REMOVAL & INSTALLATION
See Figures 1 and 2
An electric fuel pump is used with fuel injection systems in order to provide higher and more uniform fuel pressures. It is located in the fuel tank.
- Relieve the fuel system pressure, as described earlier in this section.
- Disconnect the negative battery cable.
- Remove the fuel tank, as described at the end of this section.
- Using a hammer and a brass or non-metallic punch, tap the fuel pump lockring counterclockwise to release it.
- Remove the fuel pump and old O-ring seal from the fuel tank. Discard the old seal.
- Wipe the seal area of the tank clean and install a new O-ring seal.
- Replace the filter (sock) on the end of the pump if it appears to be damaged.
- Position the pump in the fuel tank and install the locking ring. Tighten the ring in the same manner in which it was loosened, however tap the ring clockwise to tighten it
- Install the fuel tank, as described at the end of this section.
- Connect the negative battery cable.
See Figures 3 and 4
To perform this test, you will need a pressure gauge capable of reading pressures above 55 psi (379 kPa). The gauge must have a connection that will fit the fuel rail service valve. The gauge must be the equivalent of Chrysler pressure gauge No. C-4799 and the connector fitting compatible with pressure test adapter 6539. You may also need a T and the fittings necessary to connect the gauge into the fuel supply line at the tank, as well as a 2 gallon container suitable for collecting fuel.
- Release the fuel system pressure as described in Routine Maintenance .
- Remove fuel hose quick-connect fitting from the chassis fuel line.
- Install the adapter between the fuel supply hose and chassis fuel line assembly.
- Hold the gauge and have someone start the engine. Run the engine at idle speed in Neutral (manual transaxles) or Park (automatic transaxles).
- Read the pressure. It should be 39 psi (265 kPa) for 1991-95 models or 14.5 psi (100 kPa) for 1984-90 and early 1991 Shadow and Sundance models. If it is not at the specified value, note the fuel pressure.
- Stop the engine.
- Once again depressurize the system, disconnect the gauge and replace the protective cover.
- If the pressure was correct, the test is complete. If the pressure is below the range, proceed with the next step; if it is too high, skip to Step 12.
- Connect the gauge into the fuel supply line running between the tank and the filter which is located at the rear of the vehicle.
- Have an assistant start the engine, then read the pressure gauge.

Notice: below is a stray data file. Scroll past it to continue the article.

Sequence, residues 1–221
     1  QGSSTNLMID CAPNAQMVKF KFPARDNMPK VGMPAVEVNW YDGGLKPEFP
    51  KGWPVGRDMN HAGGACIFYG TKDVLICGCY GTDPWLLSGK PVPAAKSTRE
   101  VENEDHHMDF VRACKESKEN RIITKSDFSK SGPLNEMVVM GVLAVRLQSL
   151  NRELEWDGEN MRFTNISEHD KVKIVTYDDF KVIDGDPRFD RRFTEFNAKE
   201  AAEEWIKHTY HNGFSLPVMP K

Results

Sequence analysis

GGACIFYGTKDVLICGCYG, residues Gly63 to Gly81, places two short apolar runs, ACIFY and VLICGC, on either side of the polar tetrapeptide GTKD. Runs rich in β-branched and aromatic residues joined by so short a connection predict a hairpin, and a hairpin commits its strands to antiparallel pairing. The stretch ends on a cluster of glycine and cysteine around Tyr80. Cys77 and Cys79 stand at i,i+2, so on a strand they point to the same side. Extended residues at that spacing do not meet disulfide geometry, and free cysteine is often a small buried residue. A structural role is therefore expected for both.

If the pressure is still too low, gently and gradually pinch the fuel return line closed as you watch the gauge.
- If the pressure increases, the fuel pressure regulator is at fault.
- If there is no change, the problem is either clogging of the filter sock mounted on the pump or a defective pump itself.
If the pressure is too high, follow this procedure:
- Shut OFF the engine and allow it to cool.
- Depressurize the fuel system, then disconnect the fuel return hose at the chassis, near the fuel tank.
- Connect a 3 ft. (91cm) length of hose to the open end of the line running along the chassis (from the engine). Position the open end of the line into a container suitable for collecting fuel.
- Have a helper start the engine, then check the pressure again. If it is now correct, check the in-tank fuel return hose for kinking.
- If the in-tank fuel return hose is okay, and the system still exhibits excessive pressure with the tank half full or more, the fuel pump reservoir check valve or aspirator jet may be obstructed and the assembly must be replaced.
If the pressure is still too high, perform the following:
- Shut the engine OFF , and allow it to cool.
- Depressurize the system once again and reconnect the fuel lines at the rear.
- Disconnect the fuel return hose but this time at the pressure regulator. Collect all fuel that drains.
- Run the open connection into a large metal container.
- Reconnect the fuel gauge to the fuel rail.
- Start the engine and repeat the test. If the fuel pressure is now correct, clean a clogged return line or replace pinched or kinked sections of the return line. If no such problems exist, replace the fuel pressure regulator.